Canon EOS Digital Rebel XT
At a Glance
It's fair to say that the Canon EOS Digital Rebel launched the now burgeoning field of digital single-lens-reflex cameras--mostly due to its breakthough price of under $1000. But since its release a year-and-a-half or so ago, the Digital Rebel has started to seem a little dowdy next to the latest SLRs from Nikon, Olympus, Pentax and Minolta. With the new Digital Rebel XT, Canon lost an opportunity to make it more professional-looking than its predecessor, but it did add the necessary internal improvements to put the Rebel XT among the top consumer SLRs.
The first of these enhancements--bumping up the resolution from 6.1 megapixels to 8 megapixels--was a no-brainer. Not because you can make huge enlargements, but because it gives you more latitude for cropping shots and keeping them sharp. I was able to crop an action shot of a rugby match by about 75 percent and still print a pretty sharp 5 by 7.
Both the Rebel and the Rebel XT do a fine job recording images--neck-and-neck in color and exposure accuracy in the shots I took out in the field. Changes in our lab tests preclude direct comparisons between the two cameras, but the Rebel XT earned the highest scores recorded to date for exposure, color accuracy, and overall quality. Its sharpness score put it in a statistical tie with a number of 6-, 7-, and 8-megapixel models.
The most impressive change in the XT is its speed: In burst-shooting mode and using high-speed CompactFlash media, the XT captured up to 20 shots at a steady 3 frames per second before its buffer filled and it slowed down to a little under 2 fps. The original Rebel fired four shots at around 2.4 fps, and then was too slow to make burst shooting truly viable. The two cameras sound differently in burst mode--the XT makes a noise like the well-built motor drives of high-end 35mm SLRs, while the original model clanks in a way that does not inspire confidence in its long-term durability.
Other improvements of note include the XT's capability to record images simultaneously in RAW and JPEG; its ability to adjust the color balance (along with automatic color-balance bracketing); and its size (the XT is considerably less bulky than its forebear--a difference that becomes very noticeable after a full day of shooting).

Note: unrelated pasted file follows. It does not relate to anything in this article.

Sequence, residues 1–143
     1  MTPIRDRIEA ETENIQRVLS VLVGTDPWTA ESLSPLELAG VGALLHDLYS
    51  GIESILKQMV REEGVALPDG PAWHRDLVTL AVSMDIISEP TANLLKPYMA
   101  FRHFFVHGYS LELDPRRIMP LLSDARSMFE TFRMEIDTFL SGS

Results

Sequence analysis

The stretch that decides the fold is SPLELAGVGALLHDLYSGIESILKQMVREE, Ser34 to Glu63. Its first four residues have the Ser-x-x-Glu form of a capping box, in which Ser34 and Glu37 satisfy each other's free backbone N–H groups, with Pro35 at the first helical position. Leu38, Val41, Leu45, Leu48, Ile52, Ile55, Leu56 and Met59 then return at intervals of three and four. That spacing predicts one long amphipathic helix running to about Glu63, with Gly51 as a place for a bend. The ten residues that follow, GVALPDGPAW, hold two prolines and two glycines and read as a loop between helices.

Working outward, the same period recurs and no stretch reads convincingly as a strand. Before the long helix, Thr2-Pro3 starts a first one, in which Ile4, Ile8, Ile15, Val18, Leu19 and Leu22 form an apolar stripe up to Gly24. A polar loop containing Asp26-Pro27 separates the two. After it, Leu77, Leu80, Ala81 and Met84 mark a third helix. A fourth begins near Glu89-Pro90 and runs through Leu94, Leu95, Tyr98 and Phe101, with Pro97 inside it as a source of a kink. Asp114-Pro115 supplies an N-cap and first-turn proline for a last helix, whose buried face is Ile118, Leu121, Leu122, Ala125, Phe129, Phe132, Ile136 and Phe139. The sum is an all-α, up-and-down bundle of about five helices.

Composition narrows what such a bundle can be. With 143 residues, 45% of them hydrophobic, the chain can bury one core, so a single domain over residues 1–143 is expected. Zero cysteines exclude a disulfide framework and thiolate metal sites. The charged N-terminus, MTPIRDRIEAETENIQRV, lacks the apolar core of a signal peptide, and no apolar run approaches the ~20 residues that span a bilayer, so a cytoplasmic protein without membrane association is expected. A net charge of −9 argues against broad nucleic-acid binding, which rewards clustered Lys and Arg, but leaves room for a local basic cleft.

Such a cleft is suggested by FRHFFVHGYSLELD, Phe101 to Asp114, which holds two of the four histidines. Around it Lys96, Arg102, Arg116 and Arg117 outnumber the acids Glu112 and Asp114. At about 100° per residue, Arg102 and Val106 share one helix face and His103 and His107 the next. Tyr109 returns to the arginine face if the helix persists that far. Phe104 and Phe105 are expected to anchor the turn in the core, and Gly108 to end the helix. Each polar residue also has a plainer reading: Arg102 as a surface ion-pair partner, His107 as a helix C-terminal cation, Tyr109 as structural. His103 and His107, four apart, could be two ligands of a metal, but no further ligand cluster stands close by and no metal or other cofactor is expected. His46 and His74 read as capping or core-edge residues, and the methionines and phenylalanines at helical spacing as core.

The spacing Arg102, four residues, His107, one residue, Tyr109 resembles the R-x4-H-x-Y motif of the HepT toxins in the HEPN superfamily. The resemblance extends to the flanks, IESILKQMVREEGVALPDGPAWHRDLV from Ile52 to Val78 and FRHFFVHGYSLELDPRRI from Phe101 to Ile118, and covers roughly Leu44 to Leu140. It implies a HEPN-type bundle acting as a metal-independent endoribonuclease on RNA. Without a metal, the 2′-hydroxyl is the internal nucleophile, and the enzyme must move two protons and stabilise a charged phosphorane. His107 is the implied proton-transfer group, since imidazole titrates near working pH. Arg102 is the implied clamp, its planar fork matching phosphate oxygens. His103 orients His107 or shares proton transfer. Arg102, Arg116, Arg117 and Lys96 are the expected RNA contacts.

Canon made very few changes to the layout of the Rebel's controls and menus--they're relatively quick to change and easily interpreted. My minor gripes include the somewhat stiff selector dial and the small size of the text in the menus. I had a really hard time seeing the menu choices in bright sunlight. Call it vanity, but the Rebel XT's smooth plastic-like case (like the original Rebels) looks kind of cheap and fragile when compared to the metallic bodies of almost any other digital SLR. Canon's good call here was to offer a black-body version, which looks a little more professional.
Fast action, compact size, and great imaging makes the Canon EOS Digital Rebel XT a top pick among inexpensive digital SLRs.
Canon EOS Digital Rebel XT
8.0 megapixels, 3456 by 2304 maximum resolution, 28mm to 88mm focal range (35mm equivalent), f3.5 to f36 maximum aperture range, shutter speeds from 30 seconds to 1/4000 second, optical and LCD viewfinders, USB connection, CompactFlash slot, rechargeable lithium ion batteries, 17.1 ounces (body only), Adobe Photoshop Elements and Canon EOS Digital Solution utilities. One-year parts and labor warranty, 16-hour weekday, 10-hour Saturday toll-free support.